I have a theoretical question and i am thinking about aluminum specifically, since it due to low emissivity and high reflectivity, should appear silvery-gray in daylight conditions. When the metal has a true silvery color at a certain temperature in air in daylight, and in the case of aluminium has a very rapid cooling effect and often is many hundreds of celsius cooler immediately when poured in air compared with iron that always will keep a high temperature, then there should not be any camera effects that could turn this what for the human eye is a true silvery color, into a strong orange color?.
So i am not only talking about a natural phenomenon, that has to do with temperature and how a molten material looks when molten for the human eye. I am talking about a camera effect, if there exist a camera effect in CMOS camera sensors or with any other cameras, that can change the true color of a molten metal in daylight, the color that is true for the human eye, in this case a silvery color, into a true orange color. My guess would be that it would be impossible for a camera to change the true color of a molten silvery metal into a true orange color, and that you can find many videos with simple cameras where everything looks true to life.
If you also could be kind and tell me who the leading experts in camera psychics are, in what universities and companies i can find them, that would be great. Thanks in advance.
So i am asking, if any camera, when you film a molten silvery metal like aluminium in daylight, if the hot metal with the true color of silver, that you are observing in real life having this silver color, can turn into a true orange color on the video by some camera effect?, i dont understand how this would be possible.
I am told that "It cannot be done without post-processing.The main issue is that the camera must operate on the light received from the scene. In 3d graphics terms, this is diffuse light. It has shadows and is affected by the angle between the surface and the light. The glowing effect of molten metal is unaffected in this way. It glows equally in all directions, regardless of lighting, and has no shadows (in 3d graphics terms, it's more like an ambient light).
There is no way to distinguish between a shadow which hides part of the metal from the light and a piece of dark paper. Thus there is no way to make that shadowed region glow without also making a piece of dark paper glow the same.
Also, the heat patterns are complicated. When I was casting aluminum ingots for fun, the edges and corners cooled first. This caused the center of the ingot to glow brighter than the edges. In some lightings, the shadowless omnidirectional light of the glowing center made it look like I was seeing through the metal into the core of the ingot. I was not, of course, but they eye has to do really strange things to make sense of glowing objects, and mine decided it looked like a glow from the core.
Best bet: film the molten aluminum in a very dark environment. That will make the glowing effect more pronounced when compared to the diffuse lighting because you'll have a lower shutter speed or lower f-stop to capture the low-light scene. I created some interesting photos that way with a flash and then a long exposure while moving the camera. The flash captured the metalic grey, and then the movement created a glowing ghost that followed.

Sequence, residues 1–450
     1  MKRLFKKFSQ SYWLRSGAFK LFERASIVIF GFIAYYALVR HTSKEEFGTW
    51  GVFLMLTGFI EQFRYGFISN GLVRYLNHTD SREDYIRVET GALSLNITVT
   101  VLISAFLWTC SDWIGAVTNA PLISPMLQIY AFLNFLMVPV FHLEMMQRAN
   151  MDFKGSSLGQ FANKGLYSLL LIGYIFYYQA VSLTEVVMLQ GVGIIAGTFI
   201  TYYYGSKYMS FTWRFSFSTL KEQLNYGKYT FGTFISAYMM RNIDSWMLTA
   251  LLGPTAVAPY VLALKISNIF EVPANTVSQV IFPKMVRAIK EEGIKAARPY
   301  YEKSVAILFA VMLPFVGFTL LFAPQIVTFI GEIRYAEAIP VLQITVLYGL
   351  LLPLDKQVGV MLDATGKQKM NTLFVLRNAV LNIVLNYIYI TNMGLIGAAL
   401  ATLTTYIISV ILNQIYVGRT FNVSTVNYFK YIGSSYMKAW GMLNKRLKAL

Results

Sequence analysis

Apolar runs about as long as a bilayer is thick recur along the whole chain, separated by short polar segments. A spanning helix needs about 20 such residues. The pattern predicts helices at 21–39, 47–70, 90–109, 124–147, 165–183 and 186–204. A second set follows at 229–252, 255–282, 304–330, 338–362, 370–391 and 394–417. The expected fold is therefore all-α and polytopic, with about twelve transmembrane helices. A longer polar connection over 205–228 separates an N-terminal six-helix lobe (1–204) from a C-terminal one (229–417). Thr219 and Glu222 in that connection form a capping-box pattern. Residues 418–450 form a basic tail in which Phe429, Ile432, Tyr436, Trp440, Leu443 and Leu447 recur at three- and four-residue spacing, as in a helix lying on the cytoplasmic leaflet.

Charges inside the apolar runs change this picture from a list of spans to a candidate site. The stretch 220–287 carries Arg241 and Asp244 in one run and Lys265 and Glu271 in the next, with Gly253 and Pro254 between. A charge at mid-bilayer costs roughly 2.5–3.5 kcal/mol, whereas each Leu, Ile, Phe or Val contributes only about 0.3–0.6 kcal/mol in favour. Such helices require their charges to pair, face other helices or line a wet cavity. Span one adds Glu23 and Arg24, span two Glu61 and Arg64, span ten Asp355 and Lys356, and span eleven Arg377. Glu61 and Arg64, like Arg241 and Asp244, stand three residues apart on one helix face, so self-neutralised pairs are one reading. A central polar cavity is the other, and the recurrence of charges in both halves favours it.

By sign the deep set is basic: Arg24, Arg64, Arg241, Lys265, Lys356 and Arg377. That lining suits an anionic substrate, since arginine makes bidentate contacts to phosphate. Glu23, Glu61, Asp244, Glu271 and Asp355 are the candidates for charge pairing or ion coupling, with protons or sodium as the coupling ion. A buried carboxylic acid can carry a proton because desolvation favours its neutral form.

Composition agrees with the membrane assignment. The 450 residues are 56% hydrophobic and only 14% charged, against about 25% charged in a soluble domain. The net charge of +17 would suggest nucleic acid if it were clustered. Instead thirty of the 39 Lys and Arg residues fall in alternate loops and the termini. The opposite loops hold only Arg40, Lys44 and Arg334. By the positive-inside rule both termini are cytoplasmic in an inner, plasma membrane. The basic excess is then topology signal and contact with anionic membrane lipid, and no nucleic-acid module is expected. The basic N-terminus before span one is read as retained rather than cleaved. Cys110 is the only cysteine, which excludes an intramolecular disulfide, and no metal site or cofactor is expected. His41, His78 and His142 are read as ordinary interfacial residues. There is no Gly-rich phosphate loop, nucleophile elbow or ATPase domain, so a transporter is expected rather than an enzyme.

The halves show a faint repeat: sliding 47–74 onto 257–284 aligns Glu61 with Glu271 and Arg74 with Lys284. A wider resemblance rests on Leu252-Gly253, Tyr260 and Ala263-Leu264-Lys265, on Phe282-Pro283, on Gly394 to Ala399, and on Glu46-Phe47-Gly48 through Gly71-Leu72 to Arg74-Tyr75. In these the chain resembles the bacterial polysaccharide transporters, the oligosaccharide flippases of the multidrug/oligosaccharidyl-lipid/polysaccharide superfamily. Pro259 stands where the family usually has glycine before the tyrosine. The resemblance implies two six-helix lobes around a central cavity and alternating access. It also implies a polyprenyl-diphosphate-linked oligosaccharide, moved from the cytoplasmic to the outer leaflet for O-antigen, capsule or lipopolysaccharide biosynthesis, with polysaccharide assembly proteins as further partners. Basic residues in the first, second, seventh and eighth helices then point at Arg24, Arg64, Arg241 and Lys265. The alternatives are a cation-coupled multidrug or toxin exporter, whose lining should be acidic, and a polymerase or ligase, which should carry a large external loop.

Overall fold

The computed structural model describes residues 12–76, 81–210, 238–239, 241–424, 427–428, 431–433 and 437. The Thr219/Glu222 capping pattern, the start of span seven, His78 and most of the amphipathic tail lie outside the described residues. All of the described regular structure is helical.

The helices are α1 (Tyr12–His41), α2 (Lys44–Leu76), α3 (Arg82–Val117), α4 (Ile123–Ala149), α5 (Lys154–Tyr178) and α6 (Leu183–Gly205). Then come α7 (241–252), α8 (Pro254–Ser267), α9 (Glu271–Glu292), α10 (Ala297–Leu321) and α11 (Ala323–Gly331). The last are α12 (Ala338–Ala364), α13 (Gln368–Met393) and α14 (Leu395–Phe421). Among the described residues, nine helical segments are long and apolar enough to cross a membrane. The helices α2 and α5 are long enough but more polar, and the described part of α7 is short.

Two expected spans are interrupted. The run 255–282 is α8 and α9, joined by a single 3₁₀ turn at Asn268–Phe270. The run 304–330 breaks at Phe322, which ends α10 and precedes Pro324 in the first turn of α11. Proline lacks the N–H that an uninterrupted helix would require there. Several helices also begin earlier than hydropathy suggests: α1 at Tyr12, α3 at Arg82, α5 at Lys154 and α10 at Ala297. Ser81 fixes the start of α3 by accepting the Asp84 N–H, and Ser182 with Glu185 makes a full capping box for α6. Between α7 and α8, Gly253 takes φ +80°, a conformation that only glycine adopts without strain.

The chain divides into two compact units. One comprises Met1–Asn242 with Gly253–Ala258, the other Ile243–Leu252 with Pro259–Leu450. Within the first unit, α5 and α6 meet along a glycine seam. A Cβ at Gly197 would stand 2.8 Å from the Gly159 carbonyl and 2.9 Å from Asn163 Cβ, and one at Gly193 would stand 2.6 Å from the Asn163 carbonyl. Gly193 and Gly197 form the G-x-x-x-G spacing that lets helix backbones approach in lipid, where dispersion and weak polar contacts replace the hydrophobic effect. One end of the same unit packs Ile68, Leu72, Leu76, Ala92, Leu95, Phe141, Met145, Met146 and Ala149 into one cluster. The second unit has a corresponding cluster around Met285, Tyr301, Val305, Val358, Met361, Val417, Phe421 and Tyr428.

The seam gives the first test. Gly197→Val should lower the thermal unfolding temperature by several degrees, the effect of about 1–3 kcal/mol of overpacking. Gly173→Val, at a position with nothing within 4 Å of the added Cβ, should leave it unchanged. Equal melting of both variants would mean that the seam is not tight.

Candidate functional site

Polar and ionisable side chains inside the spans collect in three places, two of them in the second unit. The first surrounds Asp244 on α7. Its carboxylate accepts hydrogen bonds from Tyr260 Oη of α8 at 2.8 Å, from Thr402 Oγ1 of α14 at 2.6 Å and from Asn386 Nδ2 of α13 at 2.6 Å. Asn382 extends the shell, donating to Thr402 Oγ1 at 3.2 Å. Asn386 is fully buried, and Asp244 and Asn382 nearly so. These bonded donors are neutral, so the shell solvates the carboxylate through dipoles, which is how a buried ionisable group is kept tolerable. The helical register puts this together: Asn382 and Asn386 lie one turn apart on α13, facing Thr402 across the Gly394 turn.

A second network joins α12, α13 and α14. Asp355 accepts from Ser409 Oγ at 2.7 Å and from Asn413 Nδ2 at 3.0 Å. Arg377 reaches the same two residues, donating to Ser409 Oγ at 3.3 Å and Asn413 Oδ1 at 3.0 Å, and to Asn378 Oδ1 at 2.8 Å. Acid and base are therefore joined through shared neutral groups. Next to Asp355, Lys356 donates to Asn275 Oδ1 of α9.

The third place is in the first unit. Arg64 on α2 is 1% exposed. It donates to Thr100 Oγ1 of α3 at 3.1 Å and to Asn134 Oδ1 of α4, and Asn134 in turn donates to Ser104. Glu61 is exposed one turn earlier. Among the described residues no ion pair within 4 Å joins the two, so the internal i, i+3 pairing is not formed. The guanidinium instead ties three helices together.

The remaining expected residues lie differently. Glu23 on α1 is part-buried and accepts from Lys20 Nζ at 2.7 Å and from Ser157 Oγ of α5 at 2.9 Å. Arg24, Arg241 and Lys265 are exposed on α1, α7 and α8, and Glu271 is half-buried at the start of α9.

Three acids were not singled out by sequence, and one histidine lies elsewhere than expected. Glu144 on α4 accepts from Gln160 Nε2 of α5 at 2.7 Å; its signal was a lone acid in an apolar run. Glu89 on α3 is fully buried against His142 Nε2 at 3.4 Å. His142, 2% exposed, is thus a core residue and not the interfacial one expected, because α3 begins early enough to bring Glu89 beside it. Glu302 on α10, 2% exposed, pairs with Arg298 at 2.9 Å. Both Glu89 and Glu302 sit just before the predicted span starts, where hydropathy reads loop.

The cameras will capture the light that is present. If the light isn't present, they wont capture it. They might saturate, but that saturation will rarely result in the correct orange glow associated with high temperature metals"
Does this mean that you haft to specifically add the orange color intentially after it has been filmed in a studio with software if you want for some reason to manipulate the colors in the video?. Something that would be televised as a regular documentary or something like this would never have its video manipulated into changed colors like this, it would only be for the film/entertainment industry maybe?. What you capture on your camera and then edit for say DVD should not end up changing unless you change it specifically in the edit, as i understand it.
So i am asking if the only possible way to change the true silvery color of the molten metal in daylight with post-processing (that he is talking about) is when you intentionally add a new color with video tools and software, it will not happen by itself in some standard video process while you prepare the video for a DVD-release right?. I think both about old cameras with CMOS camera sensors and new cameras. I dont see how it would be possible for the true colors to change like that by some standard process without any manipulation with software.
I know that there are some colours/saturation values that will not be recorded by the camera - depending on the cameras dynamic range it will become white at a certain level and so depending on the cameras capability you will get a certain range of values up to where the camera sees the colour as too hot and gives a white value only. But i think for most cameras, even older CMOS camera sensors, you would need a temperature maybe above 2000 C and something like burning magnesium for a constant strong white color. If you had some pure aluminium metal powder and iron oxide metal powder reacting and producing molten iron at 1500 C and above this temp, you should have no problem seeing the orange molten iron if it was falling in the air, and if there was bright white big round ball shaped flashes in the air from the powders, the white flash would be able to block the orange molten material in the air so that you at this moment only will see the bright white flash and no orange molten material, there is nothing making this impossible on a video recording, as i understand it.